Yes. I have several finished that are sitting in wait. One is the urban fantasy I mentioned earlier, and I am super excited about it. It’s been sitting forever, but it’s done, and the cover is beautiful, and I’m so proud of how it turned out. I should be introducing it to the world as soon as I decide on a release date. I’ve got another finished book that I’m really proud of as well, but I’m hesitant about what to do with it – it’s outside of my normal genre comfort-zone, and I don’t know how to tackle introducing it to the world yet..

14. Do your characters seem to hijack the story or do you feel like you have the reigns of the story?

I like to think that I plan things and that I am in control, but that is seldom the case. Often, what I initially plan will happen and what actually happens end up being two different things. Ghost in the Machine is a really good example, actually. See, if I had my way, the ending of the first book would have been a lot different, but there are entire scenes in that book that weren’t in my initial plans, and I ended up with a different ending because of that.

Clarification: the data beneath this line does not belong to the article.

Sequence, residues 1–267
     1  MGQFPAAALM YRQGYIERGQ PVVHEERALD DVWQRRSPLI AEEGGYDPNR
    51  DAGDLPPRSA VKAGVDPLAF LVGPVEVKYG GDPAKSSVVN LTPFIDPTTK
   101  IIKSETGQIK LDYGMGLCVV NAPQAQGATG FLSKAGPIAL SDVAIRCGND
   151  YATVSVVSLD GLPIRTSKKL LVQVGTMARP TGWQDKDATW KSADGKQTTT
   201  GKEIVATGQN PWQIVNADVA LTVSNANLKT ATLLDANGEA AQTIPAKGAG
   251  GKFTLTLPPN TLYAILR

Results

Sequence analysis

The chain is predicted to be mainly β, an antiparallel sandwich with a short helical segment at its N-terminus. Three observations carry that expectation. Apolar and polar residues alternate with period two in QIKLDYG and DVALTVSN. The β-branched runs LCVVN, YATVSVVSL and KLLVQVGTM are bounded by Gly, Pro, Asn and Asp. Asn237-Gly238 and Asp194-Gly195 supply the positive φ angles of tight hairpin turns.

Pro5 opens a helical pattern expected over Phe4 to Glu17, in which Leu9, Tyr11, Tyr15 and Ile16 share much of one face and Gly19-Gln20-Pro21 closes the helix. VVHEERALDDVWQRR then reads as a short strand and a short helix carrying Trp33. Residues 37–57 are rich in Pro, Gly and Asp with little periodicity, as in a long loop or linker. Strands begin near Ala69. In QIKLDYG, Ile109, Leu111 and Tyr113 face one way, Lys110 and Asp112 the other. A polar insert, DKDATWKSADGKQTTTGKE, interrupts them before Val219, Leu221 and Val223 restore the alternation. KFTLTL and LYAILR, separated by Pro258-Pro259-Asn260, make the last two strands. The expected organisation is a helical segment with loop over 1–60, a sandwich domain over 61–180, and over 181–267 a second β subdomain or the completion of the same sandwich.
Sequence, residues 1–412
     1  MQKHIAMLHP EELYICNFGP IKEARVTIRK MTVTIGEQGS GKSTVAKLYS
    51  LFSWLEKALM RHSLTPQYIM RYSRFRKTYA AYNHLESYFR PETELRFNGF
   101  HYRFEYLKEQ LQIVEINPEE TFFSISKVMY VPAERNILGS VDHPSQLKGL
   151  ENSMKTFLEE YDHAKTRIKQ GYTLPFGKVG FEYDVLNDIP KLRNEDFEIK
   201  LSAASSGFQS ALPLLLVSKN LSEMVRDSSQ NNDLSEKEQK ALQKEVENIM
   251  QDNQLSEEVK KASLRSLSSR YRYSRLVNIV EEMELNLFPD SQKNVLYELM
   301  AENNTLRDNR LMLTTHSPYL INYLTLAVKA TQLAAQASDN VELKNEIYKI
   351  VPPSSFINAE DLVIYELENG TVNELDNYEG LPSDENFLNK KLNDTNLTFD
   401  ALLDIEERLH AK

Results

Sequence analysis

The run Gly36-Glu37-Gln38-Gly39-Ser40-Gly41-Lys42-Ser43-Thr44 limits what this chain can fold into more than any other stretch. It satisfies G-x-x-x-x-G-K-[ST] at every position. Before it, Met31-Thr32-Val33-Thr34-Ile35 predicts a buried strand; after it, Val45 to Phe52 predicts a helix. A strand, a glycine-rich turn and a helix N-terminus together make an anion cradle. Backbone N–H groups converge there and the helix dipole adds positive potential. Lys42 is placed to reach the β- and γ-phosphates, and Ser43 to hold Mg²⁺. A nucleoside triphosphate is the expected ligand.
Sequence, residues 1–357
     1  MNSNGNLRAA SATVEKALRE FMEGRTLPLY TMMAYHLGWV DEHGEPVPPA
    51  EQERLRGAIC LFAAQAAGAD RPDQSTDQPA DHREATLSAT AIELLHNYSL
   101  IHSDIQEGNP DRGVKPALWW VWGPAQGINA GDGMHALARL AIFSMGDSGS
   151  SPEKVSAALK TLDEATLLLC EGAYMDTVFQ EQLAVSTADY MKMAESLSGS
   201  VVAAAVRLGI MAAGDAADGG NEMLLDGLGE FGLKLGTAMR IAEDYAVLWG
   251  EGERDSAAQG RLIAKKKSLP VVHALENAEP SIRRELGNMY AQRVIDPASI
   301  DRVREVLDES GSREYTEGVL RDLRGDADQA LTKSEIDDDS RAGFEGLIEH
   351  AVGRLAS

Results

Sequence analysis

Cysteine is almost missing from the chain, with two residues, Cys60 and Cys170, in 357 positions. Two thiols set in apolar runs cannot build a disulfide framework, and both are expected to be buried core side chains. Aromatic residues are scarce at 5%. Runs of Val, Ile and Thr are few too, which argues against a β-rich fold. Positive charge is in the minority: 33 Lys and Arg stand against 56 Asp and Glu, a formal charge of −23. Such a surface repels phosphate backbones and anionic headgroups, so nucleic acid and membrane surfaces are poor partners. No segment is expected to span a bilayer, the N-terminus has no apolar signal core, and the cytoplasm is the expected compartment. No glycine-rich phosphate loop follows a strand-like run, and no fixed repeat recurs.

______________________________________

Eighteen-year-old Tyler Gaines has always followed the rules--in part because it's too much trouble to break them, but mostly because her father's bedtime stories about the Sphere's elite red-coat Enforcers scared her senseless as a child. She does what she's told, just like everyone else, so when she goes to see the Broker--a woman whose sole purpose is to assign a match to everyone in the Sphere--and gets paired with a red-coat Enforcer named Aidan, she tries her best to put her father's stories to rest and adapt to her new family. When Tyler's best friend is killed and both fingers and technology point to Tyler as the main suspect, Tyler begins to think that her nightmares are coming to life.

Aidan knows Tyler is innocent, but there's one big problem: Proving Tyler's innocence rests on proving that the government's high-tech system, the system on which the entire population depends, has a problem the likes of which it has never had before. Aidan doesn't have a lot of time to make his case. If he can't figure out what's wrong with the system soon, Tyler may end up paying the ultimate price for a crime she didn't commit.
BUY

About Kayla

Kayla Hoyet lives in Indiana with her family and her dogs. She studied Creative Writing at Ball State University. When Kayla isn’t writing or day-dreaming about her next project, she works with several volunteer and charity organizations as a blogger, fundraiser, and promotion assistant.